Navigation Links
New look at old test may provide earlier detection of meningitis, MU researchers find
Date:10/30/2013

COLUMBIA, Mo. ― Researchers from the University of Missouri School of Medicine have found a more accurate method to screen for bacterial meningococcal infection in its early stages, when it's hardest to detect. According to the researchers, the method for diagnosis could save lives by getting patients treatment earlier, when the infection is most treatable.

While meningococcal infection is relatively rare, affecting approximately 2,500 people per year in the United States, it is a devastating disease. It kills seven to 15 percent of those who acquire the infection, and often causes permanent complications for survivors, such as brain damage and hearing loss. Many patients also require amputation of limbs because the disease can cause severe tissue damage to extremities.

Immediate treatment is important in meningococcal infection because it usually progresses rapidly within eight to twelve hours. Some patients may die within as little as 12 to 24 hours after onset of symptoms, which can include a sudden high fever, severe headache, neck stiffness and mental confusion. About half of patients with the infection have a rash.

"When we talk about early diagnosis, we're not talking about days, but rather hours and even minutes," said Michael Cooperstock, M.D., professor of child health in the Division of Pediatric Infectious Diseases at the MU School of Medicine, medical director of infection control at University of Missouri Health Care and senior author of the study.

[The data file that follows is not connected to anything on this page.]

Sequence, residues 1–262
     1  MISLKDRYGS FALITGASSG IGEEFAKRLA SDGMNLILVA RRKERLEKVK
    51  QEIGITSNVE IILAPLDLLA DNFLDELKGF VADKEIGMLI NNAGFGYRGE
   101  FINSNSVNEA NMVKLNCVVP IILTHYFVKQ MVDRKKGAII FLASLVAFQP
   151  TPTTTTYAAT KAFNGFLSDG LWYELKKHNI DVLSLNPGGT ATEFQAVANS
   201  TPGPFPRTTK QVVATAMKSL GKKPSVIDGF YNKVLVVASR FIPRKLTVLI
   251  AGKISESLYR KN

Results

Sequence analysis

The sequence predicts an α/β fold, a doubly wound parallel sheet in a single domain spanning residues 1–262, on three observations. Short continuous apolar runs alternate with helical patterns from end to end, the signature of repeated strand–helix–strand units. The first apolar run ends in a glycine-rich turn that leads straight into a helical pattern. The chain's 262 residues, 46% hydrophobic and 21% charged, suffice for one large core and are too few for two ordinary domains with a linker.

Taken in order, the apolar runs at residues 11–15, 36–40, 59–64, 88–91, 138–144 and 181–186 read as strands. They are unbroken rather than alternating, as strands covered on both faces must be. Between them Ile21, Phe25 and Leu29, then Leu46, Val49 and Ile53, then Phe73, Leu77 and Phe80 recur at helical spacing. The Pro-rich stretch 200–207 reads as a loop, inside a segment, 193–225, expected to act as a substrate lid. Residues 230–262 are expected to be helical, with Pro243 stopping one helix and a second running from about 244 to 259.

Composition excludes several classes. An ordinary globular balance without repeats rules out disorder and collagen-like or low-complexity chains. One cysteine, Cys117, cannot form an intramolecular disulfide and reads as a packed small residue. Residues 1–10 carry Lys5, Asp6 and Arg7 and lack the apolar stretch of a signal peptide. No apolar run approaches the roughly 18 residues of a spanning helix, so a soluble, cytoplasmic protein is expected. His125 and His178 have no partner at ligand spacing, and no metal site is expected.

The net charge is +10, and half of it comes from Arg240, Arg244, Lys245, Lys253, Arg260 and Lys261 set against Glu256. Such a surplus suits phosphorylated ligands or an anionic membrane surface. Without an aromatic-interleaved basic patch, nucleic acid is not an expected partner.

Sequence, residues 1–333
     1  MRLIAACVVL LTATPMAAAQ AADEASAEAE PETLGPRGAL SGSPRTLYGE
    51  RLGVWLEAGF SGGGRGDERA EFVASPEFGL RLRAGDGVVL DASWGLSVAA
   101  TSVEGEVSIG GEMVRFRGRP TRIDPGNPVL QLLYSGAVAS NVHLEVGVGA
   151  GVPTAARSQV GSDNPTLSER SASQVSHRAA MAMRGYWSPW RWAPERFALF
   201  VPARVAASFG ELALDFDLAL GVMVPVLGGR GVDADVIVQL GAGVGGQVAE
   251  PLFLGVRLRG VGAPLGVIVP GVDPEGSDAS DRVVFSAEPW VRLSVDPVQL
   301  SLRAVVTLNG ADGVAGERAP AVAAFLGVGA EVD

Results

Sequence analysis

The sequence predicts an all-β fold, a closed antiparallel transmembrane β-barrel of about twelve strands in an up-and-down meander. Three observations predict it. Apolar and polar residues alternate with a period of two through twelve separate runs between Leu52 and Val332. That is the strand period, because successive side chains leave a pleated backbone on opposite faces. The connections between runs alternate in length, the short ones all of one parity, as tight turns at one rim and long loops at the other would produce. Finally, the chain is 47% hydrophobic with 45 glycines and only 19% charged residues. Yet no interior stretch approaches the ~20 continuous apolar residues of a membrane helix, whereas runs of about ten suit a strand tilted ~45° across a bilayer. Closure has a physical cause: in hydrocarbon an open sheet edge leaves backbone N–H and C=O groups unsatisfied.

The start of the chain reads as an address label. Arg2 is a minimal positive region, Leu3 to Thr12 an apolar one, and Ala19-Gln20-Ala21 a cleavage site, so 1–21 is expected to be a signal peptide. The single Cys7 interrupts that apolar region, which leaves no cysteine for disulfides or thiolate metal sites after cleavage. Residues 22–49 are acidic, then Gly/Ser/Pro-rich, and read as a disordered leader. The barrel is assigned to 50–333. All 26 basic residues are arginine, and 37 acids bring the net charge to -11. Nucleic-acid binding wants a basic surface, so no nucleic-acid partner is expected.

"Diagnosis of most bacterial infections traditionally has relied upon the detection of an increase in the total number of white blood cells," Cooperstock said. "That's because an increase in a patient's white blood cell count is an indication of acute inflammation associated with infection."

However, in their study of 216 cases from the U.S. Multicenter Meningococcal Surveillance Study, MU researchers found that 33 percent of the patients with active infections had total white blood cell counts that appeared normal. After examining the patients' blood tests more closely, the researchers found that a better indicator of infection was not the total white blood cell count but rather abnormalities in two particular types of white blood cells called neutrophils.

"When we looked at the neutrophil counts of each patient, we examined not only the total number of neutrophils, but also the number of immature neutrophils and the ratio of immature to total neutrophil cells," Cooperstock said. "We found that 94 percent of the patients showed an abnormality of one or more of these three tests, indicating a serious infection might be present. Reliance on the total white blood cell count alone, however, would have given false reassurance that infection was not present in more than 30 percent of those cases."

Neutrophils are the most abundant type of white blood cells, acting as first responders to help fight infection, particularly bacterial infections. Mature neutrophil cells are called segmented neutrophils, and immature cells are known as band neutrophils.

"Our study suggests that physicians should look not at the total white cell count but at the total number of neutrophils, the total number of band neutrophils and the ratio of band to total neutrophils as an indicator that could lead to a suspicion of meningococcal infection," Cooperstock said. "If any of the three neutrophil indicators are outside a certain range, there is a possibility that the patient has a serious bacterial infection, including the possibility of meningococcal disease, and would need careful attention."